Sept. 25 (UPI) -- Radiation levels on the surface of the moon are 2.6 times greater than those measured on the International Space Station, according to a new study.
NASA intends to put the first woman on the moon by 2024 -- and the first man since 1972. Earlier this week, the space agency released new details about its Artemis program, including its decision to target a landing spot on the lunar South Pole near Shackleton Crater.
Regardless of where NASA's lunar landers touch down, Artemis astronauts will need to protect themselves from increased radiation levels.
Using the Lunar Lander Neutron and Dosimetry, or LND, scientists were able to, for the first time, measure radiation levels on the lunar surface.
Scientists shared the first-of-their-kind measurements in a new paper, published Friday in the journal Science Advances.
"The radiation exposure we have measured is a good benchmark for the radiation within an astronaut suit," study co-author Thomas Berger, researcher with the German Aerospace Center in Cologne, said in a news release.
The device developed by Berger and his colleagues was attached to China's Chang'e-4 lunar probe, which touched down on the far side of the moon early last year.
The LND, which turns on during lunar "daylight" and switches off during the cold, two-week-long lunar nights, measured an average radiation dose rate of about 60 microsieverts per hour -- more than double the dose rate experienced by astronauts aboard the space station.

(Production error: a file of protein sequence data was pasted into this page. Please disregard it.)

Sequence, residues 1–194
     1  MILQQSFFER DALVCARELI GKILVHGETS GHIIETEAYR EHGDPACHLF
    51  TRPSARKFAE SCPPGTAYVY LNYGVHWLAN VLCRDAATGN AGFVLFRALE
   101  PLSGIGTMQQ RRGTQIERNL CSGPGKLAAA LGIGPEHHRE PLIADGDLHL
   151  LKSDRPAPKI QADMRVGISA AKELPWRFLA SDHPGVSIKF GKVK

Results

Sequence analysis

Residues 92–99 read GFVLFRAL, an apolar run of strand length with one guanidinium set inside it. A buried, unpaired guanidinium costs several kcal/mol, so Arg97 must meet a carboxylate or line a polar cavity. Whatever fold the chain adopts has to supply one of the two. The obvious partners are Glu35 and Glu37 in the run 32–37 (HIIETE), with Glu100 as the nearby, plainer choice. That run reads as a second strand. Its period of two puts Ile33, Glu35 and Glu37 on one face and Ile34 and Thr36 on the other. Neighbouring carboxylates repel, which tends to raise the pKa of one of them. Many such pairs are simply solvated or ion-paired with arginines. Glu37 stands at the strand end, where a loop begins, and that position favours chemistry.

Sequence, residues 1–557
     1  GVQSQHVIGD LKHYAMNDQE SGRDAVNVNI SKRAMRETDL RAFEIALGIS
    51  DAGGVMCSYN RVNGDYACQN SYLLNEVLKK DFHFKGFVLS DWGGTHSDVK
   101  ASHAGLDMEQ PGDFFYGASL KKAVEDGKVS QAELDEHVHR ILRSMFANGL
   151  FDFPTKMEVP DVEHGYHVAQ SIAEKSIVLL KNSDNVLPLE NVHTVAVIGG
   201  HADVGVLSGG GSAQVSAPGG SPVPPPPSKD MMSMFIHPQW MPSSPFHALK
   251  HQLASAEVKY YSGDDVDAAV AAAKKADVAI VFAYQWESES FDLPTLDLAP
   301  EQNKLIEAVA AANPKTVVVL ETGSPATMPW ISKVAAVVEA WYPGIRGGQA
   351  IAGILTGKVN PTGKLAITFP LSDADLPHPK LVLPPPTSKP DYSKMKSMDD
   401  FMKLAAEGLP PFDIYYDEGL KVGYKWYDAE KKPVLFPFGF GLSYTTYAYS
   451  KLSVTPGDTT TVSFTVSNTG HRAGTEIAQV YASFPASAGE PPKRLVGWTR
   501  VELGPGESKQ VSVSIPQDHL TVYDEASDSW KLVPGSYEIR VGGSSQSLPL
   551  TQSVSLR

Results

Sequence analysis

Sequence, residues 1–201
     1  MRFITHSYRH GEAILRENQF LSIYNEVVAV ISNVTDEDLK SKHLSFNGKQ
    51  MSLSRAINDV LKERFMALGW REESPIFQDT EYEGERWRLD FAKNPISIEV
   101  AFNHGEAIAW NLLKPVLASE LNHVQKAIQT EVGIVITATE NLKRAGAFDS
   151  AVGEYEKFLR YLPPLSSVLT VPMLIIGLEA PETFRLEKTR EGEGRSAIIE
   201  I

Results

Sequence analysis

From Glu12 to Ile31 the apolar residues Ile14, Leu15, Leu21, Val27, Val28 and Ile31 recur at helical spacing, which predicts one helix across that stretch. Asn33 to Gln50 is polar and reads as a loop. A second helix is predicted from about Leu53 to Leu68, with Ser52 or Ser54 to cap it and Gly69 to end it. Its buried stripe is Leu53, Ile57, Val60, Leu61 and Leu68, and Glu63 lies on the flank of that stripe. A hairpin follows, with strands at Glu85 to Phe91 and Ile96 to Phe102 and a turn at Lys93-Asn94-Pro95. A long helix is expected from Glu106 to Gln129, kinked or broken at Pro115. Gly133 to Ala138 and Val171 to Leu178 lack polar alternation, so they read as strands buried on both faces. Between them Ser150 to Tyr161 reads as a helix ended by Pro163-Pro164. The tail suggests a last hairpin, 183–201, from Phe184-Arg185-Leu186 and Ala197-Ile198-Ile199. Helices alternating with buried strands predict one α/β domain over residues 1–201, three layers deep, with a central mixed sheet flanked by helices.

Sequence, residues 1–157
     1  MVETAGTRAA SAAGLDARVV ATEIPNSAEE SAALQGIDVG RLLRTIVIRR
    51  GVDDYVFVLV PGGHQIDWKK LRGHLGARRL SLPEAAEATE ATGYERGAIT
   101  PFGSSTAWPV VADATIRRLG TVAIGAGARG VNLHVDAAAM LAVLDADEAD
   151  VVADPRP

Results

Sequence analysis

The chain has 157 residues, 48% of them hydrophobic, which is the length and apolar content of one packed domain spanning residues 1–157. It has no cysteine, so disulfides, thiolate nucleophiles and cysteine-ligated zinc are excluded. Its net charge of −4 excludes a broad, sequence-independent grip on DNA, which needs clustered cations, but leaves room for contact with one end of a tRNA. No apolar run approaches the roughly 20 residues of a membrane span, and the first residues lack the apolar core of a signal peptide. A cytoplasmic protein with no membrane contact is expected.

For comparison, passengers aboard a flight from Germany to New York are exposed to dose rates five to 10 times lower. On Earth's surface, radiation rates are more than 200 times lower.
Of course, a flight across the Atlantic lasts only a few hours. Eventually, NASA plans to send astronauts to the moon for a few months.
"We humans are not really made to withstand space radiation," said study co-author Robert Wimmer-Schweingruber, a researcher at Kiel University in Germany.
"However, astronauts can and should shield themselves as far as possible during longer stays on the moon, for example by covering their habitat with a thick layer of lunar soil."
Researchers suggest the measurements made by LND can help NASA and other space agencies better understand the threat of radiation in interplanetary space.
"Measurements taken by the LND will also be used to review and further develop models that can be used for future missions," Wimmer-Schweingruber said.
"For example, if a manned mission departs to Mars, the new findings enable us to reliably estimate the anticipated radiation exposure in advance," he said. "That's why it is important that our detector also allows us to measure the composition of the radiation."